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Buffalo winterspeak Some amusing and clever definitions to help push Western New Yorkers through the final flurries of the season

One day it's 40 degrees with the driveway glaciers bleeding frigid water in hopeful trickles, fueling the pleasant delusion that maybe this winter is finally winding down.

The next day, it's zero with a wind-chill factor that hurts to even hear about, with snow blowing horizontally directly into your ear canals.

Through it all, Western New Yorkers persevere, donning layers, shoveling sidewalks, fishtailing around corners, losing gloves and thinking of spring.

That will come, in its own time. But now is not that time.

And because we're all going through the same thing, we should work on a common vocabulary -- practical, specific and wry enough to spark a shared smile among co-sufferers.

Do you speak Buffalo winter? Let's see.

Here are a few definitions from our flurry-fatigued staffers -- and a few challenges for our readers:

*Snowdenfreude: The sadness of seeing a cheery snowman slumping in the afternoon sun.

*Buffalo brine line: The white high-water-mark left on the back of your pant legs by salty slush.

*Uggage: The pile of boots and other outdoor items you trip over in the hallway.

*Code Blue: Using squirts of wiper fluid to clear the windshield when you are in a hurry and have no time to scrape.

*Snownami: The avalanche of slush that rockets off another vehicle onto yours while you are driving on the Youngmann.

*Glovelorn: The sense of ennui you get when you spy a single mitten forgotten and flattened in a parking lot.

*Icehole: Driver who clears a small oval area of windshield just big enough to peer through and then starts driving.

*Squaller: What your house looks like after a snowstorm keeps you cooped up in it all weekend with the kids.

*Buffalo two-step: The considerate stomp or tap you perform before entering a building or car to knock at least a bit of the packed slush off the soles of your boots.

*Click of Doom: The hollow click you hear when you turn the ignition and discover your car battery has expired overnight. See: Frigidaire

*Frigidaire: The hyper-cooled, dry and quiet atmosphere inside your parked car after you close the door and before you turn the key. See: Click of Doom.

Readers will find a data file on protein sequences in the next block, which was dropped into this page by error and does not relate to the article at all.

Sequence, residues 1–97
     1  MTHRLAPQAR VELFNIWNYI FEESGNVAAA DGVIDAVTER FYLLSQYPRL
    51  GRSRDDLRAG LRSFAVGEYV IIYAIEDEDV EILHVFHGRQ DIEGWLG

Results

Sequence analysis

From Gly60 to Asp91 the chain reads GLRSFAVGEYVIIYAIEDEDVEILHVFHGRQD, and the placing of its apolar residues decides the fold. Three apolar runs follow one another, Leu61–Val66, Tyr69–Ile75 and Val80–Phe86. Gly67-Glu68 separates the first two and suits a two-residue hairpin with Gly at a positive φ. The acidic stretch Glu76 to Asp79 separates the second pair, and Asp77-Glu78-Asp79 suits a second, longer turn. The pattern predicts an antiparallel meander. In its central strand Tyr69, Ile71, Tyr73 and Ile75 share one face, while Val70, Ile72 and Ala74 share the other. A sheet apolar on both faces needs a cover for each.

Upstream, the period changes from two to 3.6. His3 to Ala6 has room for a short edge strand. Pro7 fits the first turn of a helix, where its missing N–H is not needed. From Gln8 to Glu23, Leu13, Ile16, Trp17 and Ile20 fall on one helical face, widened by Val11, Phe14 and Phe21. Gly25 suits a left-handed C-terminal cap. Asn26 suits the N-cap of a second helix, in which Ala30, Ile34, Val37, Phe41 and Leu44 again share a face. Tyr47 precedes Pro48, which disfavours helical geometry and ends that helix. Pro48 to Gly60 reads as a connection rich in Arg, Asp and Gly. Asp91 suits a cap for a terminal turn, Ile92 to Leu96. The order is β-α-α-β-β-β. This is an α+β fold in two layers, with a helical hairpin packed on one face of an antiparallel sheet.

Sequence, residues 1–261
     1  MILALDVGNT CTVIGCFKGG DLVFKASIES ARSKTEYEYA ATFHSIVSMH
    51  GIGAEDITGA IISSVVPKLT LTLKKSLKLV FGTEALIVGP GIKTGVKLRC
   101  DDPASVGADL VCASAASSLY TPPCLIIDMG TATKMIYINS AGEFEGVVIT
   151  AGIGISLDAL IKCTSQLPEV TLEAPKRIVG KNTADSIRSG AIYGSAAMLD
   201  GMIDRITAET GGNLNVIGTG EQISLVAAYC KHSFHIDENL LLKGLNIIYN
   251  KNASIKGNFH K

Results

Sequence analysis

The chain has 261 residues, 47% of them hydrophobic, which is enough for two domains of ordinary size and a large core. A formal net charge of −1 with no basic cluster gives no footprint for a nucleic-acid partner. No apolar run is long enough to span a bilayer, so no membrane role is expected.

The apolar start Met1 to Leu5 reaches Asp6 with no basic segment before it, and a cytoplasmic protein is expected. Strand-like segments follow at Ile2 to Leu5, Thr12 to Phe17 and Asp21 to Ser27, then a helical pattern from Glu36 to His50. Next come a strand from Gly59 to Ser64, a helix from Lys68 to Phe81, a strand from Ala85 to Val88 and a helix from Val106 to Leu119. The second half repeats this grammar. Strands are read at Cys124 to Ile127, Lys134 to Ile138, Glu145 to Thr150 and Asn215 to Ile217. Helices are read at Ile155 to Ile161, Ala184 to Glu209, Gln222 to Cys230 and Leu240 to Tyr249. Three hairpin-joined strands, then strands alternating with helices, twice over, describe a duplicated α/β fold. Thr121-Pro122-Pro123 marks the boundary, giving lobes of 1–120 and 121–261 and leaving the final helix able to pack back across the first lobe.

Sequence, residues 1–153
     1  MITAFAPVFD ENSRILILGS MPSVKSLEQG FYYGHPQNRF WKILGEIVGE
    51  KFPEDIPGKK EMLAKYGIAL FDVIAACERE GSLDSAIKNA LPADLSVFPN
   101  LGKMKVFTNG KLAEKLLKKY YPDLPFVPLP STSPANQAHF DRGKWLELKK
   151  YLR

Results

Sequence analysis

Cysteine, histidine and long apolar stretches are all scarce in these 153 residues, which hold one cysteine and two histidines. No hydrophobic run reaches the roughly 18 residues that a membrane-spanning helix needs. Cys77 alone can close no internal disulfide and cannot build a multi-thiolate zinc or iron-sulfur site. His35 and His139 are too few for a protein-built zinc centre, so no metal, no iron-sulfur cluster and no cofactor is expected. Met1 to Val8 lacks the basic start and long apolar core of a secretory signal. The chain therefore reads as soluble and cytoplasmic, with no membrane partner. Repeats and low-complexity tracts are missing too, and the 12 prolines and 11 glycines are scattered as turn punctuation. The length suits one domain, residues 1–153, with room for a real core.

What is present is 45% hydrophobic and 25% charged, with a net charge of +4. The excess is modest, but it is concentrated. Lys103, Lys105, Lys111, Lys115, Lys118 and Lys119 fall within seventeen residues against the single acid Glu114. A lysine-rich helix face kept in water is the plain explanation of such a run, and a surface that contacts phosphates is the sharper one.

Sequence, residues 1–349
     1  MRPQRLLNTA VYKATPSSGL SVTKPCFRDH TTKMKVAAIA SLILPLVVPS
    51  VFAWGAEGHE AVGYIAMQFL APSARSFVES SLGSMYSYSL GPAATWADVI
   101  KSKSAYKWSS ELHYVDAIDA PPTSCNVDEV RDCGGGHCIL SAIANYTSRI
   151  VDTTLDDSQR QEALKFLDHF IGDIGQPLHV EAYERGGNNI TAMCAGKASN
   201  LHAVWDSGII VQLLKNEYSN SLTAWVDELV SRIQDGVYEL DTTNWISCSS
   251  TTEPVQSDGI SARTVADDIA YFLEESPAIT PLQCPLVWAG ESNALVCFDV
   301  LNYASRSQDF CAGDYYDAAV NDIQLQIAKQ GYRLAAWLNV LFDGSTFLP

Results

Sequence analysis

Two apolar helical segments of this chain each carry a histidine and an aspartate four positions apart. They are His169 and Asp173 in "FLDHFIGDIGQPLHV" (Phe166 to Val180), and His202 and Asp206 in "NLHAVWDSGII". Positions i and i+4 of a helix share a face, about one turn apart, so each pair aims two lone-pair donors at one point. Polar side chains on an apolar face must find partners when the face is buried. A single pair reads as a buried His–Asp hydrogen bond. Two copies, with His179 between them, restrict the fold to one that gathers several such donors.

*Pupsicles: The ice-coated stalactites that form in the fur of longhaired dogs.

*Slipper shock: The instant you step out onto your icy porch and realize that yup, you really should have paused and put on your boots.

*Auto-immune disorder: The state your car is in after you decide you don't care about it anymore and neglect to get it washed all winter.

*Sleigher: The ill-advised final toboggan ride of your adult life, typically followed by either a dinner of Motrin and hot chocolate or a call to 911.

*Downdrift: The pile of coats on the bed when you have company.

*Flurry fossil: A parked car that is so thoroughly plowed in that it will not be able to move until spring.

*Snow Blowers: The highly dramatic, endlessly repeated, yet completely incorrect predictions of looming storms that whip everybody into a panic.

But we have many more things -- events, objects and emotions -- that we need to define.

What are the words or phrases for:

The act of emptying store shelves after blizzard predictions?

The tall, circular crust of snow on the backyard birdbath?

That one neighbor who shovels the snow from her driveway into the street?

The feeling you get when you hear a snowplow -- when you are waiting to be plowed out?

The feeling you get when you hear a snowplow -- when you have just cleared the mouth of your driveway?

The way dogs zoom around in fresh snow?

The color of the knees of the little Irish dancers during the annual St. Patrick's Day parade/blizzard?

The state winter-weary people are in when anything above freezing seems downright balmy?

The accumulation of ice and slush in your wheel wells?

Read our list and then take your turn at defining the things, places and events we've outlined. Send them to

With contributions from Jane Kwiatkowski, Mary Kunz Goldman and Charity Vogel.


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